I love those soaring freedoms we taste during our initial responses to life-altering events, to those 'in-between' phases that bridge the gaps from one version of 'My Life' to the next. In the days and weeks after we leave or lose a job, during those first toddling steps following a breakup, en route across the country or world when moving from one hometown to another, we are without the familiar trappings that tell us who we are, externally at least. We have not yet settled into our latest incarnation of identities. We see with fresh eyes, and behave outside the cage of expectation.
These are the times when it's easiest to recreate ourselves. Because something broke or busted, we are forced to repair and rebuild ourselves and while the clay's still wet and the glue hasn't set yet, why not attend to a few other things in the process? Maybe the move to a new town is also the perfect excuse to finally change your name, start going to a different church, or dye your hair a crazy color. Perhaps, now that you're looking for a job again, this is the time to rethink what you're willing to settle for. Since you're reentering the dating pool, you might consider a totally new approach. If you're already 'screwed', why not say 'screw it!' to the other albatrosses you're holding onto?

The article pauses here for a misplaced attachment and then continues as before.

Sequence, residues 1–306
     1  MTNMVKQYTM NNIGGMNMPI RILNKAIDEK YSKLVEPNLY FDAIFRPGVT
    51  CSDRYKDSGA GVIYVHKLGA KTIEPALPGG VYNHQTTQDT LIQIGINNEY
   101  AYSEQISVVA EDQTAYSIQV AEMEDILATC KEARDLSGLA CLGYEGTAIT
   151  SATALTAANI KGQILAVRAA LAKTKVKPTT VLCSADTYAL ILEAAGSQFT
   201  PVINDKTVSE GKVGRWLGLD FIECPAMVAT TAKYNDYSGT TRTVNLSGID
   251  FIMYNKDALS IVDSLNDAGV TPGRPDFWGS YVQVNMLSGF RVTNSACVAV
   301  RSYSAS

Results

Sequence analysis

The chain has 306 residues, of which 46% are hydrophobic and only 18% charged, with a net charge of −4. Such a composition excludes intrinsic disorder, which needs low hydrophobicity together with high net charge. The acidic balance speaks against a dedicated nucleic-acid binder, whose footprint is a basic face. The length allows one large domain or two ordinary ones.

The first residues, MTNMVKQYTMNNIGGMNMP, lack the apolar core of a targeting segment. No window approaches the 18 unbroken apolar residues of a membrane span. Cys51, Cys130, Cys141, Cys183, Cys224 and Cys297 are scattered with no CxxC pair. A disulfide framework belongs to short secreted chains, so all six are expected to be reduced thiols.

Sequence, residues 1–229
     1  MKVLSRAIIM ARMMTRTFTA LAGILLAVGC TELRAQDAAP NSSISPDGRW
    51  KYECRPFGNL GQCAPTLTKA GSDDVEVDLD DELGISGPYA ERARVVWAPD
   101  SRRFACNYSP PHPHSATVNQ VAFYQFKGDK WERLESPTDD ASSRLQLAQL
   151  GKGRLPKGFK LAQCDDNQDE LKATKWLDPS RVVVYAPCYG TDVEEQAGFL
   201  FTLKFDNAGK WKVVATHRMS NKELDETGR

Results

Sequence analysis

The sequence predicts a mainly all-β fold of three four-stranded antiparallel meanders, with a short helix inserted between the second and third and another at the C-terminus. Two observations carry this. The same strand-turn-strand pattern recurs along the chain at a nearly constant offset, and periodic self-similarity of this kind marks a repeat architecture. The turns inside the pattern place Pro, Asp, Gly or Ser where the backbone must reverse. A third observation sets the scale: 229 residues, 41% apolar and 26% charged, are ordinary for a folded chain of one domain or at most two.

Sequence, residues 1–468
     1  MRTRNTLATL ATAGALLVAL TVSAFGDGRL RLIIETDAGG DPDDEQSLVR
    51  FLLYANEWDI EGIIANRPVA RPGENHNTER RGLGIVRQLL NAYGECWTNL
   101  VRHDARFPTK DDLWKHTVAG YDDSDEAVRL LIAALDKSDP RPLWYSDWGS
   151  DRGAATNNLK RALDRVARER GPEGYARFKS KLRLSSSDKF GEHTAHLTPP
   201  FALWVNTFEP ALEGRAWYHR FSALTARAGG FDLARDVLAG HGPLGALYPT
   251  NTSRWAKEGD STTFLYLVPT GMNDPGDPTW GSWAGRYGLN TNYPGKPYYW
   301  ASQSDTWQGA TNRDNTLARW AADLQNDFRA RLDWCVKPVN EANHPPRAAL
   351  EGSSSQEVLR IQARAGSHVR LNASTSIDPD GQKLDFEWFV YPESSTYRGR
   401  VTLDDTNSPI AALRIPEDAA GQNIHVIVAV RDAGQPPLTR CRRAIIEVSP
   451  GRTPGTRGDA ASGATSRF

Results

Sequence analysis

The mere notion of life-altering events and game-changing developmentsas exciting as indeed they arecan't help but instill terror in our hearts, if we are attached to the people and things and experiences currently in our lives (and most of us are). We begin to stress over what it's going to be: a job that's in trouble, a rapidly dwindling bank account or a mortgage payment come due, a romance or friendship on its last legs, the illness or impending death of a loved one? We fixate on what we might lose, forcing us into the fear and emotion before any actual loss occurs, effectively impinging on our presence here and now.
Such losses are inevitable, whether they happen during this latest astro-avalanche or thirty-five years from now. Ultimately, though, they usually bring complementary gains in their wake. In addition to the emotional fallout come new jobs, new homes, new relationships and, most importantly, new perspectives from which to examine our lives. In honor of the current Mercury retrograde, I suggest flipping the worry and looking at it from this other angle. Sure, these 'new perspectives' may arise only after uncomfortable circumstances have forced us to adapt. Apparently, we comfy-cozy humans need the periodic push.